In this podcast interview, I speak with Rosari Sarasvaty who grew up in Indonesia and earned law a law degree there from the Universitas Pelita Harapan and later graduated from the University of Georgia School of Law with an LLM degree, cum laude, in 2019. After that, she practiced immigration law before attending NYU Steinhardt with an M.A for Teaching Dance in the Professions: American Ballet Theatre (ABT) Pedagogy. Rosari is the recipient of the NYU 2022 Outstanding Service in Dance Education Award. She was trained in classical ballet and jazz and has performed numerous times with New York University, the Martha Graham Dance School, and Dance FX. She currently serves as the Children’s Division Coordinator at Northern Plains Dance! You can read more about her incredible journey by reading “This is Why I Quit Practicing Law to Teach Dance.”
This a guest blog by a lawyer, who wished to remain anonymous, and his difficult journey with bipolar depression and his BigLaw firm.
Once upon a time, I was a trial attorney at a personal injury defense firm. I was good at it. I always pushed hard; always did the best job possible. I won a good share of cases, and, of course, lost a few as well. I was valued highly enough to be made a partner shortly after joining the firm.
But I had a dirty little secret. I had bipolar disorder, which was well-controlled through a close partnership with a good psychiatrist. Still, in my mind, if word ever got out, my employers would see me as weak, a liability. To a degree, I understood. If the insurance companies that paid the bills learned that one of the firm’s trial attorneys had such a condition, their mandate would be clear: if you want our business, get rid of him. That is what I assumed.
Throughout my career, colleagues would make offhanded remarks about someone “not taking his medication.” I would grit my teeth and ignore it.
Instead, I was able to construct an alter-ego, the “happy warrior.” I had a smile on my face and a sardonic remark ready on cue. But I went about my daily business feeling like a secret agent in a Cold War spy movie. If my cover was ever blown, I was certain that my career would be at an end.
Blogger Jordan Ruhnke writes, “Living with depression feels like you’re in a dark hole with nowhere to go. Living with anxiety makes you feel like you’re losing your mind. Depression takes away all of your motivation and drive to do anything, but anxiety makes you want to constantly do that activity. Read the rest of her blog here.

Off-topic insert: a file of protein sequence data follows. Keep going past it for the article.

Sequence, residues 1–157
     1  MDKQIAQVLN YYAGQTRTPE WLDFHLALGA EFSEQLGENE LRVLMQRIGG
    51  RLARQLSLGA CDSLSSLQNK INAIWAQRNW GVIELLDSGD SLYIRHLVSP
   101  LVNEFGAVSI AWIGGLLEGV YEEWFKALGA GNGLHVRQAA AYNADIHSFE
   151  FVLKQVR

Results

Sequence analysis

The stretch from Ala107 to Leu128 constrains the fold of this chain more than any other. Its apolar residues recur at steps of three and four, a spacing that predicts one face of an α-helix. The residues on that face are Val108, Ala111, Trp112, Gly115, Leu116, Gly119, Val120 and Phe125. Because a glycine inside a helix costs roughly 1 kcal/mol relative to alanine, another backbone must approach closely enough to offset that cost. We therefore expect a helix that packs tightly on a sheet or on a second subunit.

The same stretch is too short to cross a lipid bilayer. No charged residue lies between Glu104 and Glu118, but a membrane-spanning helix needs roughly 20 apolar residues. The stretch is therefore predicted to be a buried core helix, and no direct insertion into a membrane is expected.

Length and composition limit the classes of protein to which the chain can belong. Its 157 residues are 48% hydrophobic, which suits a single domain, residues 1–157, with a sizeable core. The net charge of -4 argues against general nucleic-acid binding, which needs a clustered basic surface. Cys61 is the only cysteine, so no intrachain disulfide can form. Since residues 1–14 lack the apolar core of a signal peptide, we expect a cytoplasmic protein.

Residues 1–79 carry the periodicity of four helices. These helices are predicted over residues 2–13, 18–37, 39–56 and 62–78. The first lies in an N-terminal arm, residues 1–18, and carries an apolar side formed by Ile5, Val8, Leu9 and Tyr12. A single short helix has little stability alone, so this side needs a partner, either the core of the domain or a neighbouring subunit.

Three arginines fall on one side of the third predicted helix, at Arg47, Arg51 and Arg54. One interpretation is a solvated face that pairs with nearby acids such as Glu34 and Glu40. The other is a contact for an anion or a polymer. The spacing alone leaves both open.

A Canadian blogger by the name of Michelle (no last name given) writes, “Changing is hard. Okay, lots of things are hard when you’re depressed. Getting up in the morning. Finding the energy to do everyday tasks. Looking for the will to go on. You know, all that good stuff. But changing yourself and your thoughts is especially hard.It’s a strange battle, isn’t it? Often, you know what you ought to do or have to do. And often, you just can’t seem to summon up the will to do it.” Read her entire blog here.
Here’s an excerpt from blogger Amy McDowell Marlow who writes: “i began to cry. all the time. by myself. i would cry in my car, i would cry in my closet, i would even cry, silently, in the toilet stall. every night i would lay face down in my bed and cry myself to sleep, so quietly that my roommate never knew. i lost my appetite and stopped eating meals. i just wasn’t hungry. i couldn’t stop thinking about my mom being gone. that something outside of our control could take her away. that there was nothing i could do about it. and just like when my dad killed himself, i didn’t feel like i could relate to my friends. none of them had experienced (or shared that they had experienced) family losses and challenges like mine. i began to feel very alone.” Read this blog.
Here’s an excerpt from Christine Stapleton’s blog about learning to let others help her following the death of her mom: “So, I dealt with my grief and didn’t ask for help. I threw myself into my work and believed the more I helped others, the more I would get over the deaths of my parents and my dog. I figured that sorrow was something that melted over time. And while you are waiting for it to melt, work your ass off. That’s how I ended up on disability, antidepressants, and a therapist’s couch. The clouds finally parted and I realized that what my mother had taught me about self-reliance was wrong. You see, every time you deny someone the opportunity to help you, you deny them the opportunity to feel as good as you do when you help people.” Read her entire blog.
Here’s an excerpt from blogger John Folk-Williams excellent piece on anger: “It took me a long time to understand the connection between depression and anger. One psychiatrist I visited would often ask a simple question toward the end of a session: How’s your anger? I couldn’t understand why he asked. I hadn’t been talking about anger. Depression was my problem.” Read his entire blog.
Blogger John Folk-Williams writes, “The words I hear when I’m depressed are limited, negative and decidedly lacking in color, but they can all too easily block my mind and feelings. I’m stuck on “I can’t” when I want to do something important to me.” Read the Blog
Blogger Carol Richard writes, “Have you ever had those times when the last thing you wanted to do is interact with another person [when depressed]? Since isolation can become fuel to the depression – I take steps to not let it take hold of my life.” Read the Blog
Here are 8 ways to combat depression in your daily life. Read the Blog